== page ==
When Immunotherapy Gave a New Lease of Life

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Mr Wong, a nose-cancer patient, who was referred to a clinical trial study in March 2009.                  Image source: http://bit.ly/1PocNru

A chance encounter with a clinical trial for nasopharyngeal cancer has saved Mr. Wong’s life from a deadly nose cancer.

49-year-old Mr. Wong from Singapore was diagnosed with stage-4 nose cancer earlier in 2009. He was battling for life as the cancer had already spread to his lungs and lymph nodes.

He was left with very little hope of recovery as his doctor told him that there was no way to completely get rid of the cancer.

However, within few weeks, an opportunity to take part in a clinical trial conducted by the National Cancer Centre Singapore (NCCS), came his way. Miraculously, within a year he won the battle over cancer and has been living cancer-free for the past five years.

The clinical trial conducted by the National Cancer Centre Singapore (NCCS) in 2009 used immunotherapy as a treatment strategy to fight cancer cells. Around 35 people took part in the trial.

Immunotherapy is a treatment strategy wherein the patient’s own immune cells are designed to attack the cancer cells. In Mr. Wong’s case his own body’s T-cells, a type of white blood cell were used to attack the cancer cells.

The T-cells were engineered to recognize only the Epstein-Barr Virus (EBV) protein found on the surface of nose cancer cells. Once the T-cell number reaches one billion, they are put back into the cancer patient. These cells recognize and kill only the nose cancer cells. The side effects of immunotherapy vary across many cancers but for nose-cancer the effects are not significant.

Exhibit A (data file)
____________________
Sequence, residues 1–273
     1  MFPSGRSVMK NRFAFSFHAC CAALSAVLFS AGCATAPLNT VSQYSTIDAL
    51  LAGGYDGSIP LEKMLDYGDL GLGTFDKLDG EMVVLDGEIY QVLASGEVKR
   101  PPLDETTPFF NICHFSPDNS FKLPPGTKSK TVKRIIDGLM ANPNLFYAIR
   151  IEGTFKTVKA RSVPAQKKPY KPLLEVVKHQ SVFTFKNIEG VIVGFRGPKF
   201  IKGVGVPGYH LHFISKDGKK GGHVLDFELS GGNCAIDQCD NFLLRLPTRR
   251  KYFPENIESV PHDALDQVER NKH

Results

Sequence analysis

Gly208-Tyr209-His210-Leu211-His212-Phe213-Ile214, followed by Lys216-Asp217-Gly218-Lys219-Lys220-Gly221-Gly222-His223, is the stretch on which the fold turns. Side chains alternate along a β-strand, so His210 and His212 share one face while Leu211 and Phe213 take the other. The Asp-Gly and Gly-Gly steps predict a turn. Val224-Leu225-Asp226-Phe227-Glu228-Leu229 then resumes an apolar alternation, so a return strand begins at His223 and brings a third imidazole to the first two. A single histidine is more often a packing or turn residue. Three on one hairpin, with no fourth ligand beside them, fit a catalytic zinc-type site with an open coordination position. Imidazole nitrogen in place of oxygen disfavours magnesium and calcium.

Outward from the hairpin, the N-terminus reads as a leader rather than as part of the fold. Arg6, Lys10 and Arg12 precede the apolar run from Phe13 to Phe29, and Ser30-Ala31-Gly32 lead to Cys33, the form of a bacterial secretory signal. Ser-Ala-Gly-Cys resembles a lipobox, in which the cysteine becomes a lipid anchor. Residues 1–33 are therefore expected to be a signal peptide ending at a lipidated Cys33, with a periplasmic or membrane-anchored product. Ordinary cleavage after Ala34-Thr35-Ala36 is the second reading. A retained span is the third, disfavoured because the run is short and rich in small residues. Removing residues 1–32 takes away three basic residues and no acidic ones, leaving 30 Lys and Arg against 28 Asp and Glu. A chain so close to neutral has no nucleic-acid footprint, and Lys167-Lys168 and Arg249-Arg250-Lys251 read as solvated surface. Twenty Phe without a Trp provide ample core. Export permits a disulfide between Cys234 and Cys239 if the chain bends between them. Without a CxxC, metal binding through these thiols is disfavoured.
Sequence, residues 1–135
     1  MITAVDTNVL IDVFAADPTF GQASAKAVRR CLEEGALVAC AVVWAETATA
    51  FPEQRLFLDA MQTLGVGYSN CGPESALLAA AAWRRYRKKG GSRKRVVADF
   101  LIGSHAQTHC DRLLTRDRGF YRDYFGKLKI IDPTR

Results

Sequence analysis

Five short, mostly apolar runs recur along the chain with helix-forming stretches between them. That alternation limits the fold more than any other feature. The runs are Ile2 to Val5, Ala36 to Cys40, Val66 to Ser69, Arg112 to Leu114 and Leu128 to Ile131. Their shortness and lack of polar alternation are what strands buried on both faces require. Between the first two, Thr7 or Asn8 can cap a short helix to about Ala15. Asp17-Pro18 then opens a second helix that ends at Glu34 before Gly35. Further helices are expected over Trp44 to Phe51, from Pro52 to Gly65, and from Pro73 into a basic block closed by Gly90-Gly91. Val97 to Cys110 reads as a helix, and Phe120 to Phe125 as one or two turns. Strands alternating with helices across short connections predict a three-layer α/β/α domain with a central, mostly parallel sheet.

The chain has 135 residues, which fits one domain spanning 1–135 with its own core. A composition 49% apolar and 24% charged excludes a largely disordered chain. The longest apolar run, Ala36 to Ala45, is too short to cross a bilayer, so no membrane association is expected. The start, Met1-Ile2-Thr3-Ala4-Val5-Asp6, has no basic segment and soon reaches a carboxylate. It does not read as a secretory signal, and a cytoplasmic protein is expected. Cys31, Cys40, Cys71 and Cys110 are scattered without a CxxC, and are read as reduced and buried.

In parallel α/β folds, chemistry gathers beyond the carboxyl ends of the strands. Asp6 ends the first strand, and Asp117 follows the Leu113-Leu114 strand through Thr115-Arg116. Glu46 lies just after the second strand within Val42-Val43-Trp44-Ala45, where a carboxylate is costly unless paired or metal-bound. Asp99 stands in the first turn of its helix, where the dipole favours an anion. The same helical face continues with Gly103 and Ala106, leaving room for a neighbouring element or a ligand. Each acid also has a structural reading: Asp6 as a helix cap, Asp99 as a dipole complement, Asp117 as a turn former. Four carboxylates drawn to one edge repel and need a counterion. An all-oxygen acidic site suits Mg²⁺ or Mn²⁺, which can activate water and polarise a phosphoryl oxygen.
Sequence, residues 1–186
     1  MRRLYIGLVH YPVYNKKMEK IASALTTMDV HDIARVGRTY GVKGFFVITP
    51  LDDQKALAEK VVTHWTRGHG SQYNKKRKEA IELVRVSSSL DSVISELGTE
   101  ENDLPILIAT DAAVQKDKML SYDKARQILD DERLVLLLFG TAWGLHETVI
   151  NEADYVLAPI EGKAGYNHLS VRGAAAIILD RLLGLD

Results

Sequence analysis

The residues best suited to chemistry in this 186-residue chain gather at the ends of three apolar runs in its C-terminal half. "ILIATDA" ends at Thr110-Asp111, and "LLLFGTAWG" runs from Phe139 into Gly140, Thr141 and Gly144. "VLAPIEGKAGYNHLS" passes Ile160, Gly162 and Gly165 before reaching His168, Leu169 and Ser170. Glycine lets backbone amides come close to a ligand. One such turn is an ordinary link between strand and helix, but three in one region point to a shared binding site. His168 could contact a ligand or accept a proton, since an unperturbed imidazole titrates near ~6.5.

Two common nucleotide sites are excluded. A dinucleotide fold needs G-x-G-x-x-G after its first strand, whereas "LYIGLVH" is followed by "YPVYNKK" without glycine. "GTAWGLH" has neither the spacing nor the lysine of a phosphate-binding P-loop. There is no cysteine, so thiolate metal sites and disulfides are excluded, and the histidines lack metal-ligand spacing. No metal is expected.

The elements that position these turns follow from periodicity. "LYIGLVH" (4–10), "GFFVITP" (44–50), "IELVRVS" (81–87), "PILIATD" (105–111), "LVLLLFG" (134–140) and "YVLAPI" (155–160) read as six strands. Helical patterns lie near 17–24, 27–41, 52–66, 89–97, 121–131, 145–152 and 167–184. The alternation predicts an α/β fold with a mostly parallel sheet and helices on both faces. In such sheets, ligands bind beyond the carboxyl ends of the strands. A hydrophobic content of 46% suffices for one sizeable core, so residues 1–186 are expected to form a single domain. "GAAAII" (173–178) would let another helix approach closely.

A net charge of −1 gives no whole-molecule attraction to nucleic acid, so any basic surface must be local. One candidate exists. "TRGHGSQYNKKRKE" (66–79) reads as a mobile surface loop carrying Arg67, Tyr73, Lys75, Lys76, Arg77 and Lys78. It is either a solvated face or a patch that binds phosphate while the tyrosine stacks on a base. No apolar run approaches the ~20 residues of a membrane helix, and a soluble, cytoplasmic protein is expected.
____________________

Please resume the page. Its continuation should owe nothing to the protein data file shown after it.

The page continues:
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Stages of Immunotherapy. Image Source:http://bit.ly/1OM9rfj

“Many studies have shown that the cells can potentially continue to grow to 1,000 times their original number and stay in the body for as long as 10 years”, said Dr Toh Han Chong, deputy director of NCCS and a senior consultant at its division of medical oncology.

Dr. Toh further explained, “Every time we see a patient like Mr Wong with nose cancer that has spread to distant sites, we have to tell them realistically that they are not curable.” “He (Mr. Wong) has remained cancer-free for over five years. That is extremely rewarding because most people die from this disease.”

Last month, the results of the trial were highlighted at the inaugural International Cancer Immunotherapy Conference held in New York, as an example of how immunotherapy can be used to successfully treat some cancers.

The team is now conducting a phase 3 trial for advanced nose cancer, the first to be undertaken in the world.

However, medical experts emphasize that immunotherapy cannot be used as a standalone method for cancer treatment. Rather they need to be used in conjunction with other methods such as chemotherapy or surgery.

“The results of the trial are encouraging but you need everything – chemotherapy to shrink the cancer before you hit it hard with immunotherapy,” Dr. Toh said.

Source: Straits times